The New Europe

The Real Face of Vaclav Klaus

Newly appointed Czech President Vaclav Klaus with Germany's Chancellor Gerhard Schroeder, April 10. (Photo: AFP) 

Vaclav Klaus, the honorary chairman of the Civic Democratic Party (ODS) who patiently put up with three long rounds of presidential elections, lived to see his political importance confirmed. He is to become Vaclav Havel’s successor, and the longstanding duel with his greatest ideological adversary is to con-tinue in a new form for another five years. In those five years, the ambitious Klaus is sure to do his best to show everyone that he will be a better president for the Czech Republic, or at least as good as Havel was.

Looking abroad, the new head of state will not be in an easy situation. Not because Havel’s good reputation abroad is irreplaceable; there is no use talking about that now. The reasons are simpler. Klaus already has a reputation abroad, and not the best one. In the European Union, Klaus is seen as a distinctive critic of European conditions who does not hold dear the ingrained rituals and sticks to his guns even at guest sessions of the European Parliament.

Klaus’ nationalistically tuned stance on the future shape of Europe is equally easy to see. At a time when the entire world, in confronting global issues, is dismissing the old concept of nation-states, Klaus seems to be returning to this concept. “I do not wage old battles,” Klaus said several times before the election, although he knew very well that this promise would be hard to keep, especially as regards the E.U. Klaus has always wanted Europe to remain small and fragile, because this is the only chance for regional politicians with a vision that does not reach beyond home borders to maintain significance. If Klaus really wanted to keep his word, he would have to change completely his starting position and fight more for a politically and economically strong Europe in which the Czech Republic, naturally, would never get lost.

As president, Klaus will have to fight with the tarnished reputation of a politician-economist who pursued a confused vision of a market economy without attributes, which the world ended up interpreting as capitalism without rules and order, or a system of the jungle where everyone wrested as much as his influence and power permitted. Of course, this is an exaggerated simplification and stereotype, but the Financial Times, the influential business paper, long ago stopped writing about Klaus in any other terms. And twice already, it has recommended that the Czech electorate cast its vote for the pro-European Social Democrats rather than for the inconsistent, nationalist, and anti-European Klaus.

In brief, Klaus will have to come to terms with the fact that the Europe with which he will deal lives in a somewhat different world, where talk about socialism, dirigisme, and ideological purity of the struggle for the one and only eco-nomic freedom no longer interests anyone, because everyone has admitted that he lives in an ideologically mixed system in which Keynes has no problem cooperating with Milton Friedman.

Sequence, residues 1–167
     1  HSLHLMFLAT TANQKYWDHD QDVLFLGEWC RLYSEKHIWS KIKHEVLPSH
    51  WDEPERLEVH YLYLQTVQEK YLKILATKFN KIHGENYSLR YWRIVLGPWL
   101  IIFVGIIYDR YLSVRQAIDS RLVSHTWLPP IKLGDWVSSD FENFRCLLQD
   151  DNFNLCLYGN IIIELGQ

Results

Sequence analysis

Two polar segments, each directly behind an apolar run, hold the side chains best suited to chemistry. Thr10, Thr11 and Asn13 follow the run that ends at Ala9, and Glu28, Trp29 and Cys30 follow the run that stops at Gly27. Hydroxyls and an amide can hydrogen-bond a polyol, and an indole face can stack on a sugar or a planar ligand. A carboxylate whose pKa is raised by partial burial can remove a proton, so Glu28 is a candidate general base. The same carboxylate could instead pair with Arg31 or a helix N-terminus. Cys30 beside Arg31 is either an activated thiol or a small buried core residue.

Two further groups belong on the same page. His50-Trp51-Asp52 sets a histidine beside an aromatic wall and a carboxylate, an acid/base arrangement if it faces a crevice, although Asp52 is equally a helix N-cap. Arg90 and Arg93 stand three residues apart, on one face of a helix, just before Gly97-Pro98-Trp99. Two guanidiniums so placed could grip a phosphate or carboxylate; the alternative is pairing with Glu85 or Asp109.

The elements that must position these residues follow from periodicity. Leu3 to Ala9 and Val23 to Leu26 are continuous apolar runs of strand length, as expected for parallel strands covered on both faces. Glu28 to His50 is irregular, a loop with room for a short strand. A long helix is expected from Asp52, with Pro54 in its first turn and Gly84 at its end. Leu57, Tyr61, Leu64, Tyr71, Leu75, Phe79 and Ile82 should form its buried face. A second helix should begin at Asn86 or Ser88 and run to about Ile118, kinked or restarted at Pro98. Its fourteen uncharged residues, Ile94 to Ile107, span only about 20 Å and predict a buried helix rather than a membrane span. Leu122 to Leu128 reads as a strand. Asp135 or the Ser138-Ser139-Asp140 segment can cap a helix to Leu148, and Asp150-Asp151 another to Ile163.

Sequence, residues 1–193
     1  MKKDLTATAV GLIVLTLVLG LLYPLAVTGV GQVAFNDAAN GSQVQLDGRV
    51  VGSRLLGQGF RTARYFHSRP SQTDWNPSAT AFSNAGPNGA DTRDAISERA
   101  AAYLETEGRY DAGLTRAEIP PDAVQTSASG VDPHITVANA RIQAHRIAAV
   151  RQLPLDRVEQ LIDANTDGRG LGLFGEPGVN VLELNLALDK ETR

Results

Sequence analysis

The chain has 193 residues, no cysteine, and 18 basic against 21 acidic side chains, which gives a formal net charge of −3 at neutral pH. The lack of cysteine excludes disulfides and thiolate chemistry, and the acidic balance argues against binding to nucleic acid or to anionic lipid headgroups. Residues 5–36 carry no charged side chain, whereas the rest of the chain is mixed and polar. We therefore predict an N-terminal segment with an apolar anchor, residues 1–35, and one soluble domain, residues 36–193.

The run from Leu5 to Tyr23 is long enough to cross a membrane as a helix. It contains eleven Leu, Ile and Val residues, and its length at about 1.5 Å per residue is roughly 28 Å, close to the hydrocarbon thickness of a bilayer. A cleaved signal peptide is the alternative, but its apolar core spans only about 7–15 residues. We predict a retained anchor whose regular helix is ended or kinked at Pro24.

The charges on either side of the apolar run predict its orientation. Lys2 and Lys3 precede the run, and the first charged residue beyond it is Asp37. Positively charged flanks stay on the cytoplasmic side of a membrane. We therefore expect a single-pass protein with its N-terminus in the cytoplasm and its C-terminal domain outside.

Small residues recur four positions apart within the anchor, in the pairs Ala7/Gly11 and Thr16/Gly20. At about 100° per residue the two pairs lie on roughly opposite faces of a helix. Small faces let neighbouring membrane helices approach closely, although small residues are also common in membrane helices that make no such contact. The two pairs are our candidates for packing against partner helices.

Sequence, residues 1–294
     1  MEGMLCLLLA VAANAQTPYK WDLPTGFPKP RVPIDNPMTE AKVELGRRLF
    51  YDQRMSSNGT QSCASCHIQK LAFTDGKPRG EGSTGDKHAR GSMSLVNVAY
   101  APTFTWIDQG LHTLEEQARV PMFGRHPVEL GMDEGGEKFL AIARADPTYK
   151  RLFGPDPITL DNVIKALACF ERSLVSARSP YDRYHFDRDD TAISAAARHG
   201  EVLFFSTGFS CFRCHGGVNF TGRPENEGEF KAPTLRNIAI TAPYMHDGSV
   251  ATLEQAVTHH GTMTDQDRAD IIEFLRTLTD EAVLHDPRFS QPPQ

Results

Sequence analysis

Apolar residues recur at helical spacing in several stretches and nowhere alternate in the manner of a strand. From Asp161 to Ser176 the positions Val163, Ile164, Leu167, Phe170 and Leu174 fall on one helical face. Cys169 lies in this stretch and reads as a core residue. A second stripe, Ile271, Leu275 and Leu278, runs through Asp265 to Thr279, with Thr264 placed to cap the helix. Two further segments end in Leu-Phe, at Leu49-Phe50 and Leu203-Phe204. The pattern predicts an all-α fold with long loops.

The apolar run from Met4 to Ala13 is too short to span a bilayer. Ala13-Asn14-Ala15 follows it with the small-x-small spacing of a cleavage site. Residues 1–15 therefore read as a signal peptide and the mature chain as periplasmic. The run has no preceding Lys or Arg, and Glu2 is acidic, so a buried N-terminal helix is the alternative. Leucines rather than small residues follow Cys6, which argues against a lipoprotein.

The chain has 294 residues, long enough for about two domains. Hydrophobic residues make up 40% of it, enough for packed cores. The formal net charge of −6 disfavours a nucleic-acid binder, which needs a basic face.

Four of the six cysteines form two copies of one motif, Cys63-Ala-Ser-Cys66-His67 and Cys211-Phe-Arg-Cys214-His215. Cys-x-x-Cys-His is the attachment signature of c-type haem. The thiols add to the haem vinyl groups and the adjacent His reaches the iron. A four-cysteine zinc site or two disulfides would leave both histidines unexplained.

Finally, Klaus will lack natural allies abroad. In fact, he’s never had any. Theoretically, Silvio Berlusconi should be the closest to him, but Klaus does not have the American firmness of Italy’s prime minister. Indeed, it is hard to picture Klaus adding his signature to the letter by the seven European prime ministers supporting a resolute U.S. approach on Iraq.

Looking home, Klaus will be in a much easier situation if he really plays the role of a political unifier (and Klaus can, indeed, act), as he said in interviews, nomination speeches, and finally, in his first parliamentary appearance [in the capacity of president] after the successful third election. But can a man who has so long divided society—into the two irreconcilable camps of his fanatic devotees and equally fanatic opponents—unify society?

It is possible; a new role may change any person. But Klaus would have to abandon his old ideological vocabulary and speculations, which he used to declaim as easily as if they were statements of fact. His expression “criminalization of entrepreneurship” is one example.

The first occasion when Vaclav Klaus will be able to manifest his “unifying” abilities will be the war in Iraq, which, it seems, will begin soon. Other than that, there is an event of fundamental importance for the future of Czech demo-cracy—the nomination of 11 constitutional judges, whose 10-year terms of office expire this summer and next year. This test will be the most crucial of all, because it will indicate clearly what the five years under President Klaus will look like.

There is not the slightest doubt that Klaus can find within himself the capabilities to be a good president and that the words of some of Klaus’ enemies about “a disaster for Czech democracy” are unduly strong. It depends on whether the new face that Klaus has been showing to the public in recent weeks is genuine or whether it was nothing but the chameleon-like disguise of a man who wanted his dream—to chase Vaclav Havel’s shadow from the Castle [the presidential residence]—to come true at any price.